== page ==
Over the past few days, there has been discussion of whether the attempt to murder Sergei Skripal and his daughter, in the UK, by the use of a nerve agent amounts to an unlawful use force by Russia in breach of Art. 2(4) of the United Nations Charter and customary international law (see posts by Marc Weller, Tom Ruys, and Ashley Deeks). There is agreement that if the action was attributable to Russia, it would amount to a breach of at least some obligation under international law. Marc Weller, points out that the act would amount to an unlawful intervention and a violation of the territorial sovereignty of the UK. Marko argues that these acts would also be a violation of the human rights of the individuals concerned. However, the British Prime Minister characterised the act as an unlawful use of force. What I wish to do in this post is to ask why this categorisation might matter in international law. What exactly are the implications, as a matter of law, of characterising the act as a use of force? This was an issue that was raised in the comments to Marc Weller’s post and some of the points I make below have already been made in that discussion though I expand on them. As discussed below, this characterisation might have far reaching implications in a number of areas of international law, extending beyond the possibility of self-defence, to the possibility of countermeasures, the law relating to state responsibility, the qualification of a situation in the law of armed conflict, and international criminal law. I accept that many of the points discussed below are not clear cut, and some are even contentious. However, I think that having a catalogue of the possible consequences of the arguments relating to the use of force helps us to see more clearly what is at stake when we make these arguments.
The Use of Nerve Agents in Salisbury: Why does it Matter Whether it Amounts to a Use of Force in International Law?
The Assange saga continues with recent decisions in the English Courts upholding the warrant for Julian Assange’s arrest. Dapo’s recent post on Ecuador’s purported appointment of Julian Assange as one of its diplomats to the UK considered the position on this issue as a matter of international law. However, a related issue is how the relevant provisions of the Vienna Convention on Diplomatic Relations (VCDR) would be applied if the issue were to arise in domestic proceedings in England and Wales. In other words, if Assange were to leave the embassy, and were to be arrested and prosecuted for failing to surrender, would he be able to rely, in an English court, on diplomatic immunity under the VCDR? Thinking through this question involves a degree of speculation, for we don’t yet know what the Foreign and Commonwealth Office’s (FCO) posture towards any such claim would be. We will assume, however, that the FCO will maintain an approach consistent with its statement (reported here) of 11 January 2018: ‘The government of Ecuador recently requested diplomatic status for Mr Assange here in the UK. The UK did not grant that request, nor are we in talks with Ecuador on this matter.’ In other words, we will assume that the FCO would not recognise Assange as a diplomat.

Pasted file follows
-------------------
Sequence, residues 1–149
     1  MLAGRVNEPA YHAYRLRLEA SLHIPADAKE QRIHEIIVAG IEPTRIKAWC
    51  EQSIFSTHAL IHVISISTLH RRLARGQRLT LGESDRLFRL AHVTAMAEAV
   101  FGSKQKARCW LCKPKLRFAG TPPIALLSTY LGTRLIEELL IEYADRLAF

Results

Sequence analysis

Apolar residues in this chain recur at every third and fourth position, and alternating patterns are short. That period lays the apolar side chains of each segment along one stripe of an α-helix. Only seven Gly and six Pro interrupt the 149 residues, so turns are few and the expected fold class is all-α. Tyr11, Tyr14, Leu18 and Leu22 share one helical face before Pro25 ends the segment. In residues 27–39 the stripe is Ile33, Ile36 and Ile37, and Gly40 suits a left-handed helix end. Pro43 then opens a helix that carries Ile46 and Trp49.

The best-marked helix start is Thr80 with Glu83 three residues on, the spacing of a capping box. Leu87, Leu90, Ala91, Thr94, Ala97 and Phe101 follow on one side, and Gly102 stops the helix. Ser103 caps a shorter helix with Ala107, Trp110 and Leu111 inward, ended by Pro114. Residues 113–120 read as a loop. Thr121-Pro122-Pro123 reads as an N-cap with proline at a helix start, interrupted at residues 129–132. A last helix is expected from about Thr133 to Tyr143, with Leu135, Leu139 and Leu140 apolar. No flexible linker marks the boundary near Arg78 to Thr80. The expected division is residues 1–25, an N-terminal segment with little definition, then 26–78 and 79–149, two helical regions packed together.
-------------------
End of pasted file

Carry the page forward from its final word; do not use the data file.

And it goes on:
How the matter would be resolved in domestic English proceedings is a difficult question. It involves consideration of the respective roles of courts and the executive in matters of foreign affairs, the distinction between questions of fact and questions of law in giving effect to FCO certificates, and the potential continued application of the common law principle that the courts and the executive should speak with one voice.
The Diplomatic Privileges Act
As a matter of domestic law, the starting point is the Diplomatic Privileges Act 1964 (DPA), which gives effect to the VCDR. In thinking through how the Assange matter would proceed in a domestic court, Section 4, which sets out the role of the FCO in matters of this kind, is crucial:
‘If in any proceedings any question arises whether or not any person is entitled to any privilege or immunity under this Act a certificate issued by or under the authority of the Secretary of State stating any fact relating to that question shall be conclusive evidence of that fact.’
We are delighted to announce that over the next few days we will be co-hosting with Opinio Juris a discussion of our contributing editor, Anthea Roberts’ new and prize-winning book Is International Law International? (OUP, 2017). The book has recently been awarded the American Society of International Law’s 2018 Certificate of Merit for “Preeminent Contribution to Creative Scholarship” and we extend our congratulations to Anthea! As the ASIL Book Awards Committee states:
“In this book, Professor Roberts takes us along as she chases the title’s question down an international law rabbit-hole to reveal a topsy-turvy world in which international law is parochial and the invisible college is rendered visible. Roberts turns a beguilingly simple question into a globe-trotting, multi-method quest for a map of international law’s players and meanings. Simultaneously irreverent and serious-minded, Roberts develops an original research agenda that takes her and the reader through the migratory flows of international lawyers around the world, the divergent methods through which they are educated, and the different professional tracks through which they are socialized. The book does not just dissolve international law’s myths of universality; it is a nascent sociology of the field of international law and the beginning of a new field of comparative international law. In an era in which Western dominance over international law no longer looks certain, this book provides the tools for a more nuanced understanding of international law’s politics, revealing the deeper meanings and stakes of current debates.”